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Why the size limit?

tony_459tony_459 Member Posts: 131 ✭✭
edited July 3 in Using Onshape
I tried to model a particularly large thing and couldn't because the dimensions were above a threshold. There must be a reason for the threshold, but just wondering why? I can model a scaled version of the thing, but if I export into third-party software, I'll have to get creative to scale it back up to its true dimensions. Would be nice to avoid this unnecessary step :)

Comments

  • steve_shubinsteve_shubin Member Posts: 391 ✭✭✭
    @tony_soares459

    Out of sheer curiosity, how big of an item were you trying to make?

    What was the biggest dimension?





  • romeograhamromeograham Member Posts: 485 PRO
    The limit is a Parasolid kernel limitation: 500 m in any direction from the origin, so 1,000 m is the longest dimension.

    Earlier discussion here: https://forum.onshape.com/discussion/4316/maximum-dimensions

    Apparently, this size limitation affects all the CAD systems that use parasolid.


    And then, the height cannot be above 500 m:


  • steve_shubinsteve_shubin Member Posts: 391 ✭✭✭
    @romeograham

    Interesting. Thanks for the info 


  • Jake_RosenfeldJake_Rosenfeld Moderator, Onshape Employees, Developers Posts: 1,619
    Parasolid is actually unitless, so theoretically we could allow the user to define their "base unit" as anything (km, nm, mile, in...), and then operate from 1e-8 to 1e3 of that unit.  Would take some concentrated development effort, but we have seen this request for very small electronic components.

    Feel free to add/vote for related improvement requests.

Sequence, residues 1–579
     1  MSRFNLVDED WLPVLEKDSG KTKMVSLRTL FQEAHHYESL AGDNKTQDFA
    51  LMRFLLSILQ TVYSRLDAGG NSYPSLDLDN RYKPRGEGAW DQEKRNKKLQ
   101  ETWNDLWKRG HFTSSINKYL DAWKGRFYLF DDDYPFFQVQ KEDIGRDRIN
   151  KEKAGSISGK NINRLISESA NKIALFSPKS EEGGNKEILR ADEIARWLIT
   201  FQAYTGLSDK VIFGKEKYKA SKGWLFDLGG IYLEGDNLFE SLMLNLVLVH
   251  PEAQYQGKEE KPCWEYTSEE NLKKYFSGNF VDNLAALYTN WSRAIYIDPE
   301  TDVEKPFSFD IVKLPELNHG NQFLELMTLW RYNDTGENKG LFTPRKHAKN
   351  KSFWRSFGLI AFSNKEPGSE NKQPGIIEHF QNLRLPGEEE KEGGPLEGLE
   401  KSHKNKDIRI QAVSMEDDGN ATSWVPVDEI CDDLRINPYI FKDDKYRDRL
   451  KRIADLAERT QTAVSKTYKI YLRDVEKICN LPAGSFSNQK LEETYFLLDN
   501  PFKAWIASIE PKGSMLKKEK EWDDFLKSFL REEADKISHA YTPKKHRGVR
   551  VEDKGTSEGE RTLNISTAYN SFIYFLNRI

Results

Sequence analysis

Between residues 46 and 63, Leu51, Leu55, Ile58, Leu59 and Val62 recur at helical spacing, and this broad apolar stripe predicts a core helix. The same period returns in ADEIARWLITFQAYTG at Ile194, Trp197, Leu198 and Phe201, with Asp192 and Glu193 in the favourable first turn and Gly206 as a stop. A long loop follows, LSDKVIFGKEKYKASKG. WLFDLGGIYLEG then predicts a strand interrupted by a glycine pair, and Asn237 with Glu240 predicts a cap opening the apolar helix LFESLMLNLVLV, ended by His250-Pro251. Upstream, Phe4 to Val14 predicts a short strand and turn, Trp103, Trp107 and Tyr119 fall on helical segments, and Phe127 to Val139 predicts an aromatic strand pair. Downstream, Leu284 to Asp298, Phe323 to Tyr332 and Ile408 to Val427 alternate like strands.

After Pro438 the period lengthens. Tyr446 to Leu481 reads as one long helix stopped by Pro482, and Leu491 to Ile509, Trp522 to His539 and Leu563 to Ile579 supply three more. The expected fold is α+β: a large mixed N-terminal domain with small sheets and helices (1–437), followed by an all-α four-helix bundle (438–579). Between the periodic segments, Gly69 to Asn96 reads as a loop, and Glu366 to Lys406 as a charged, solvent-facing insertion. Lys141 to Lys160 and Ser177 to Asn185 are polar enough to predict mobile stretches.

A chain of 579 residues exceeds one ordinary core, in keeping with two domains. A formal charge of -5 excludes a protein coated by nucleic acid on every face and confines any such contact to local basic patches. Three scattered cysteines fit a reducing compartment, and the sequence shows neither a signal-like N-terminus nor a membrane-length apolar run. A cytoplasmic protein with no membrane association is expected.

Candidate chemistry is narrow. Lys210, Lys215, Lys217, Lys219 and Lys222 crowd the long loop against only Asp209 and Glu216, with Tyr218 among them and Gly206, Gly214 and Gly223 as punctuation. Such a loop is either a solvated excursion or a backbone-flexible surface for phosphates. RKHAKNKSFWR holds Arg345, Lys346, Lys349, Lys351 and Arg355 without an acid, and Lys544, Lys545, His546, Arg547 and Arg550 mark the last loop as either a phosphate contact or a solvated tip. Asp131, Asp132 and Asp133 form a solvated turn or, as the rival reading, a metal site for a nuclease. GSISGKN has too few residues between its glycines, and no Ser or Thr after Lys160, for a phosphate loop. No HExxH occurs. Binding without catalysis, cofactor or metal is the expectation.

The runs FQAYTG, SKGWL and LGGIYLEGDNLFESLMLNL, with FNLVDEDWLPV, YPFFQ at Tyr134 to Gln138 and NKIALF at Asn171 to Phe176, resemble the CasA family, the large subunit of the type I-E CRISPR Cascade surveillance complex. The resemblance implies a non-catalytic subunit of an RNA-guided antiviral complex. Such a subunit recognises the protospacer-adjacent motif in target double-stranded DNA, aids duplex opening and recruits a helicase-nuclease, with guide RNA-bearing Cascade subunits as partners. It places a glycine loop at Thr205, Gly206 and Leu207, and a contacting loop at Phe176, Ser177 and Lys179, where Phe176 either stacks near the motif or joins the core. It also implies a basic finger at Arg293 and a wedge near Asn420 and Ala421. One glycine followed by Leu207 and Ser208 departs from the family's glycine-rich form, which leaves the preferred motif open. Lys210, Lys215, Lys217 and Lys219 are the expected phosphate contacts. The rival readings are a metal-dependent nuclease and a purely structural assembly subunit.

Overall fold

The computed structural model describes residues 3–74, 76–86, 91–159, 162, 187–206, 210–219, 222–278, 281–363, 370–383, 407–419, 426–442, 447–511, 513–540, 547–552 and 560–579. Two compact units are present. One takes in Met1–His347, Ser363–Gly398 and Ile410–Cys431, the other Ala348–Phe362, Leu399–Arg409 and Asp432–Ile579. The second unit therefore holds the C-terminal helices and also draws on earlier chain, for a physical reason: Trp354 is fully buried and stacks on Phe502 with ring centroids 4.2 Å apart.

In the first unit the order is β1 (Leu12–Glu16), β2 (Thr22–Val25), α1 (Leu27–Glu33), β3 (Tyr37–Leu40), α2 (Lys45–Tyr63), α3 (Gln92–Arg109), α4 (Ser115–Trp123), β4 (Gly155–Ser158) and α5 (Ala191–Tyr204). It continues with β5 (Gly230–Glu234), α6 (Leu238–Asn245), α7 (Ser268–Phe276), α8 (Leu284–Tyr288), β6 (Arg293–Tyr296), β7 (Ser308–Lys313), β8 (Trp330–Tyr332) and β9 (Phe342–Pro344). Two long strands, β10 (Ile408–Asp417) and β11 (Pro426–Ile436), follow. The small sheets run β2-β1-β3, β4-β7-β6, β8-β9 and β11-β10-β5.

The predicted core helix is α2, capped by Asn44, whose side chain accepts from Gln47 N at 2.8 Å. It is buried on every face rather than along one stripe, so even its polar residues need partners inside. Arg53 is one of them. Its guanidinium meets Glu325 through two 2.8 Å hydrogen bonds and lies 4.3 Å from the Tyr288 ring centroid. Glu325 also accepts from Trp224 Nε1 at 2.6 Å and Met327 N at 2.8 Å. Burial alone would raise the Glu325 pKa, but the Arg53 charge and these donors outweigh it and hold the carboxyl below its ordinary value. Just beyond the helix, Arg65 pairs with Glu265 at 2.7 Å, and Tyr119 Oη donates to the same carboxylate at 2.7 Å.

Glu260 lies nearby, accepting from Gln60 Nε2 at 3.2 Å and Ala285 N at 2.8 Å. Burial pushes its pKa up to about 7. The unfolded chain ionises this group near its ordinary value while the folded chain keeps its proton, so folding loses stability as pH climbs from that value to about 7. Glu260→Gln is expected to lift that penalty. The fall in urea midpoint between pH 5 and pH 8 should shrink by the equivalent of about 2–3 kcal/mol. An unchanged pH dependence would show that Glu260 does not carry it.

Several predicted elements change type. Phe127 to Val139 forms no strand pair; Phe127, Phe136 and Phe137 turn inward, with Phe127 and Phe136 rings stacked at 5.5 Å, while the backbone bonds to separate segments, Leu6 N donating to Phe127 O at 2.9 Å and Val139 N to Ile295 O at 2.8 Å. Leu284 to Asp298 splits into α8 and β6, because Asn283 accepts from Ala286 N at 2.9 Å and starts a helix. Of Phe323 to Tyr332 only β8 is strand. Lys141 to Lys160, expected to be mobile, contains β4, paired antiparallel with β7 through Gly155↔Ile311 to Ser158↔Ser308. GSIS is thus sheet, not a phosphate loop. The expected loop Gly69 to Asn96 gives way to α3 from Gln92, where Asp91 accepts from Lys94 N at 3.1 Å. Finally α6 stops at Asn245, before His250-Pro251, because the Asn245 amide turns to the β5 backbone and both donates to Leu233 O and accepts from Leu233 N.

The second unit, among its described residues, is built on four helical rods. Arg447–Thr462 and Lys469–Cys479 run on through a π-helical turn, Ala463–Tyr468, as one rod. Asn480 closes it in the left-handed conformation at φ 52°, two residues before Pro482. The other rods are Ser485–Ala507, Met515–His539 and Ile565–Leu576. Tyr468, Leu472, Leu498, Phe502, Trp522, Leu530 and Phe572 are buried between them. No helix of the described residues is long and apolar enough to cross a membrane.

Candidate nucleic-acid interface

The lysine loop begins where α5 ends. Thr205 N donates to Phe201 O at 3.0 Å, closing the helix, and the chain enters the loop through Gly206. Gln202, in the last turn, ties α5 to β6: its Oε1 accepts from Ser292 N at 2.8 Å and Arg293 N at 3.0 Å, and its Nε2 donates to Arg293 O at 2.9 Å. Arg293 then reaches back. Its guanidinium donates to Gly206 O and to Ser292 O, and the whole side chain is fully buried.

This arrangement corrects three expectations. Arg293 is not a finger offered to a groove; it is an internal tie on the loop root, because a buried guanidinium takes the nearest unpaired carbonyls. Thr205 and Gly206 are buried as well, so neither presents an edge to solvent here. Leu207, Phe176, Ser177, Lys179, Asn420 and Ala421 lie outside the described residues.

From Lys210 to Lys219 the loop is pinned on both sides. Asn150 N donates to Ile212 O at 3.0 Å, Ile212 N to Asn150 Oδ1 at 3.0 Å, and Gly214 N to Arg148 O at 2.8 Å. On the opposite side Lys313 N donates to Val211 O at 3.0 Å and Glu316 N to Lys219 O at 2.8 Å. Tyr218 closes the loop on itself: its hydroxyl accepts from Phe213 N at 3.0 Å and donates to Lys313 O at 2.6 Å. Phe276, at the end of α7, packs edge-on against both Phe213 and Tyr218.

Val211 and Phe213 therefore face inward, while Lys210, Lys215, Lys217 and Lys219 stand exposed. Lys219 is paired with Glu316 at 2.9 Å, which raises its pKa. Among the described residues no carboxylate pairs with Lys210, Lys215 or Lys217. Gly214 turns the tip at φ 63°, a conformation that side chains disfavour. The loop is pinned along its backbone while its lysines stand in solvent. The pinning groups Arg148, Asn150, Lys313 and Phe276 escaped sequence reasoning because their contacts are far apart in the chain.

Jake Rosenfeld - Modeling Team
  • romeograhamromeograham Member Posts: 485 PRO
    @Jake_Rosenfeld
    Thanks for that explanation - so the current limitation (1,000 m) is because it is 1e3 times the arbitrary (but very, very rational) selection of "m" as the base unit ?

    I wonder if the "chip foundry", "architectural" or "city planner" versions of Onshape in the future could be built on different base units?
  • tony_459tony_459 Member Posts: 131 ✭✭
    Ah! I get it. So it's one of those practical if unfortunate constraints that dictate the size limit. It would be so nice if we could set the base units on our side (even if not immediately)! Either way, it's at least good to know where the limit is coming from :)
  • MBartlett21MBartlett21 Member, OS Professional, Developers Posts: 1,923 EDU
    @Jake_Rosenfeld
    Thanks for that explanation - so the current limitation (1,000 m) is because it is 1e3 times the arbitrary (but very, very rational) selection of "m" as the base unit ?

    I wonder if the "chip foundry", "architectural" or "city planner" versions of Onshape in the future could be built on different base units?
    What about an "Apollo mission" version :)
    MB - I make FeatureScripts: View FeatureScripts
  • S1monS1mon Member Posts: 55 PRO
    Part of the challenge with any NURBS based CAD system is that with the exception of simple geometric shapes, there aren't convenient closed-form parametric mathematical solutions to the intersection of arbitrary surfaces/solids. So all systems, whether they're based on Parasolid, ACIS, Granite, etc. use some sort of error band around the piecewise approximated solution for these intersections to determine when the solver is done. In Creo (Pro/E) this was the "accuracy" setting. It was related to the ratio between the largest dimension and the smallest feature. If the number was too small, the solver would take forever to finish. If the number was too large, the intersections would have strange errors which don't make sense. All systems need to manage this error budget, whether the user is involved or not. I strongly suspect that the 1000 unit size limit in Parasolid is related to this sort of "accuracy" setting.
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